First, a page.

Sometimes a good thing comes together as part of a plan and sometimes they seem to just happen by accident. Calling the recent focus by third party developers and by the DCS flight sim community at large an accident may sound like a disparagement of what’s going on but I’d like to think the opposite. With that as the background, now may be a good time to explore just what is going on and what’s coming up next. Let’s go!
High fidelity, but more accessible?
There’s an argument to be made that earlier aircraft are simpler to manage. Take a look at any modern high fidelity jet that DCS World models and you need to know quite a bit about it to get any use out of it. The skill is in the remembering what the steps are to make the targeting pod talk to the guided bomb and then program that bomb to fly the exact profile that you want it to so that you can achieve the destruction of the target.
Do the right steps in the right sequence and destruction of your target is nearly guaranteed. In the act of combat flight simulation, as in the real world that its based on, guaranteeing the destruction of your target is definitely a good thing. It changes the skill set from muscle memory to a more procedural, almost academic, form of flying and combat.
This experience can be quite a bit of fun in its own right and a modern combat environment is highly skill based and challenging. But it also means that you have a kind of binary experience where you either know all the steps and have a strong chance of achieving your goal or you forget one critical step and nothing happens. It can be frustrating especially if you come back weeks, months or even years later to a module.
Enter the Cold War era aircraft. Existing in a middle ground somewhere between the highly digital aircraft like the F-16 and F/A-18 on the one side and the stick and rudder experience of the WWII warbird on the other, types like the F-4 Phantom, MiG-21, BAe Lightning, Mirage series, and others are well known but not often simulated. At least… until now.
Recently there’s been some moves by various third part developers for DCS World to get into this Cold War experience. They aren’t alone either as we’ve seen the developers of War Thunder expand that series, aircraft by aircraft, and technological leap alike into this same area. Suddenly the era of the first, second and third generation jet fighters with their barely better than WWII era avionics, impressive speed, questionable handling, and even more questionable guided weapons, has come into view.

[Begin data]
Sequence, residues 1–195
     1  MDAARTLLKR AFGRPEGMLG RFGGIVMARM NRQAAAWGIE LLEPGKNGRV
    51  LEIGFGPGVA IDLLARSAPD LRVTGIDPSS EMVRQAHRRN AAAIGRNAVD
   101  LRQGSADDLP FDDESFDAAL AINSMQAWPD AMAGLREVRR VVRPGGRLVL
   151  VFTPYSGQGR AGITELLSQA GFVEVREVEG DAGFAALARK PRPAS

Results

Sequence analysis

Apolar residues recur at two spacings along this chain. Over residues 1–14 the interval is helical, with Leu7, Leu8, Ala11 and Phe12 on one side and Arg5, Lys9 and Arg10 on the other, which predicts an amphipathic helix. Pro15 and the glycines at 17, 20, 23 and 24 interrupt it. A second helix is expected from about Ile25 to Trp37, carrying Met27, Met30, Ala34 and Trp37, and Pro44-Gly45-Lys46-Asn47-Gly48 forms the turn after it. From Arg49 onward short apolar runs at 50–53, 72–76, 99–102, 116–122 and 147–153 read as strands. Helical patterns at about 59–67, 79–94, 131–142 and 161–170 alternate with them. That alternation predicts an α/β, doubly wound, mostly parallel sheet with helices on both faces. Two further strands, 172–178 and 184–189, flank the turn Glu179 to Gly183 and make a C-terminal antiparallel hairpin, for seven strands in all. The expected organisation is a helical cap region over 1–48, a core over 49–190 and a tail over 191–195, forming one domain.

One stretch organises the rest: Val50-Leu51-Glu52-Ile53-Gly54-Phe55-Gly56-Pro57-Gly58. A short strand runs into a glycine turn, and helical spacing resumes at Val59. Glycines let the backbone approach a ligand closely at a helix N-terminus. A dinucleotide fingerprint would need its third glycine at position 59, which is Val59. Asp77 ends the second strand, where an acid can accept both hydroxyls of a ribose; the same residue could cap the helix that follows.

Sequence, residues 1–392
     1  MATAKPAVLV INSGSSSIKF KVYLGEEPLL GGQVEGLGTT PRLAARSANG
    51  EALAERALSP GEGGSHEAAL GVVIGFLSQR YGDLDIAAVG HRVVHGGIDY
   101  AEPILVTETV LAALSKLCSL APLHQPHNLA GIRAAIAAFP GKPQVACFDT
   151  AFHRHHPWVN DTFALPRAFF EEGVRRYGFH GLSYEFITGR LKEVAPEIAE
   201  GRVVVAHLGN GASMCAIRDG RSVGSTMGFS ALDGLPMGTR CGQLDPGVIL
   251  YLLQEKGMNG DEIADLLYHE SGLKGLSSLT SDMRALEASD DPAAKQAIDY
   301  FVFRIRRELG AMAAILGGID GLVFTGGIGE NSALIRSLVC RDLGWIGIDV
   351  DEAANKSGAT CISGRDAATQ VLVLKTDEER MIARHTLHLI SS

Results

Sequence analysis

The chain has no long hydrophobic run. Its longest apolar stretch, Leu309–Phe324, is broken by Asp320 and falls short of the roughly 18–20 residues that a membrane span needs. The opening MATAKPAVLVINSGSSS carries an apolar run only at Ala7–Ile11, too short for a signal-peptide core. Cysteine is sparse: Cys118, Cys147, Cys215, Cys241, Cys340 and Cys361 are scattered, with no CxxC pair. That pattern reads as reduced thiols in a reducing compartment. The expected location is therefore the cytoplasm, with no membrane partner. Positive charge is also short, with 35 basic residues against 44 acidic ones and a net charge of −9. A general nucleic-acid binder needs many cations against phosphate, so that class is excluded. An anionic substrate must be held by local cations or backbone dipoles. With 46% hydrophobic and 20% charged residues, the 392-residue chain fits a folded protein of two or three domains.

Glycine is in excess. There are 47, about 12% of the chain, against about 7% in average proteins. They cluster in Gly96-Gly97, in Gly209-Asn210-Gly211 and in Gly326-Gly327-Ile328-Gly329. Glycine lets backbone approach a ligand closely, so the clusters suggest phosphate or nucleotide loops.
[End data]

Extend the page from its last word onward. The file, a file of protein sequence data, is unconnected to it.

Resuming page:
In the case of DCS World, these aircraft are covering territory that has been less well covered over the years but in many cases is also a bit more accessible. There’s less messing around with guided missiles and more WWII style flying the airplane and pulling the trigger.
The skill is less academic and more muscle based and that often means it feels like you’re doing more even when your guns aren’t always on target and your barrage of missiles fired at the target missed by 100 meters. You still pulled the trigger, there was still an action, and you still got that little dose of dopamine. You may not quite have hit the target but you still did something! That holds appeal.
What’s here and what’s coming
This leap into the Cold War era has been building up for a long time. Magnitude 3 released their DCS: MiG-21bis, one of the first ever third party modules, into DCS World back in 2014. The MiG-21, the AK-47 of supersonic fighter jets, was a simple yet high performance jet fighter firmly rooted in the Cold War era but so well used that variants of the type are still on the frontlines of many air forces today.
Opposing the MiG-21 was the F-5. Developed by Eagle Dynamics briefly spun off Belsimtek group, this simple jet fighter was developed in the United States to offer to Allies looking for a cheaper jet fighter option. Its pairing with the MiG-21 made for the core of some Cold War era jet duels. Multiplayer experiences began to happen and the community took note.
The MiG-15bis and F-86 Sabre gave us a Korea War era duel although little else has emerged from that era so far.
Then it was Heatblur and their incredible AJS-37 Viggen. A low-level striker rooted deeply in Sweden’s Cold War era defensive strategy of employing robust jet fighters that could operate from a roadway or rough airstrip and strike hard and fast against predetermined targets.
Now there’s a growing slate of aircraft from the era available including RAZBAM’s MiG-19P, Aerges Mirage F1, Eagle Dynamics own Mi-24P Hind, Belsimtek’s UH-1 and Mi-8, and depending on how you slice it, the Heatblur F-14A Tomcat just to name some in the mix.